How should the Court deal with the hydra headed ‘Rogue Websites’ which on being blocked, eventually multiply and resurface as redirect or mirror or alphanumeric websites?

Facts: UTV Software Communications Ltd (Plaintiff)., is one such company which is engaged in creating content, producing and distributing cinematographic content around the world. The plaintiff has brought a suit against thirty identified websites, multiple John Doe defendants, the Ministry of Electronics and Information Technology, the Dept of Telecom and various ISPs. The contention of the plaintiff was based on the fact that the defendant websites host and provide access to their copyrighted content which infringes their rights derived from the Copyright Act, 1957. The plaintiffs provided access to a sample of such infringing content as evidence that the websites were primarily engaging in online piracy. Majority of the websites did not respond to the summons presumably since they were hosted outside of India and due to that an amicus curia was appointed in their place as the issue was pertaining to be a question of law of general public importance.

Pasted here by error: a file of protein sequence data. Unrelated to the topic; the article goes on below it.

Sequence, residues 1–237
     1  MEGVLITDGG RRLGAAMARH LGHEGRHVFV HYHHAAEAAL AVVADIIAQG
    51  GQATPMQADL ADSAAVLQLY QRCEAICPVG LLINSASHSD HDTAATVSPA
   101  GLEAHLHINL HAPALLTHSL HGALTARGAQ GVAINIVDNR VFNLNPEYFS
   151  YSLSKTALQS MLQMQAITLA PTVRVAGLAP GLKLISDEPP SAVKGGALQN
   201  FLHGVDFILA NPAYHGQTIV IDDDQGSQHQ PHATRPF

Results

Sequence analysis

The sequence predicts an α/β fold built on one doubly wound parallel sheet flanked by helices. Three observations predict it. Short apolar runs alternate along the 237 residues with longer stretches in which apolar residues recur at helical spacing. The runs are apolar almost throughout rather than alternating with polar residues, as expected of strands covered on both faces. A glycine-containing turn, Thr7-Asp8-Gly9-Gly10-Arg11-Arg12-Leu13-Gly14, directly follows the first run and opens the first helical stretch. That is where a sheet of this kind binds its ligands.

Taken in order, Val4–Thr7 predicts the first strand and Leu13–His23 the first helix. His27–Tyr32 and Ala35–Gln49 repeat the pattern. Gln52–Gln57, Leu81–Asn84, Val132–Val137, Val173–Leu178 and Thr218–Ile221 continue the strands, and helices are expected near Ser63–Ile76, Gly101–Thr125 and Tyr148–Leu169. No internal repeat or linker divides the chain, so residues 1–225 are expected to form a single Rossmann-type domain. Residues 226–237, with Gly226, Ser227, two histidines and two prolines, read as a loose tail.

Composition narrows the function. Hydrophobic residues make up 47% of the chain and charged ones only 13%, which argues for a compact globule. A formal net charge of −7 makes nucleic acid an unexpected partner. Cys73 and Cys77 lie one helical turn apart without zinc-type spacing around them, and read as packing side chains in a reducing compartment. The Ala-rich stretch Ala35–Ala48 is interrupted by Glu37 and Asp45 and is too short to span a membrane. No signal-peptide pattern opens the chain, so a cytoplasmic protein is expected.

Judgement: The most notable contribution this case made was that it introduced a new procedure to extend website blocking injunctions beyond those specified in the court order but also to those websites which are ‘mirror/alphanumeric/redirect’ websites created after the injunction order was already passed by the court. This extension was termed as ‘dynamic injunction’. Singapore High Court’s decision in Disney v M1 was referred by the High Court of Delhi while deciding on the issue where their court introduced the concept of ‘dynamic injunction’ whereby a plaintiff could file an additional affidavit stating to the court why a new website fell within the purview of an existing blocking order, and forwarding the same to an ISP, which could dispute the merits of the blocking order. This process would provide to be helpful in curtailing piracy by such ‘Rogue Websites’ and reduce the burden on the copyright owners to go through the tough route of litigation over and again.

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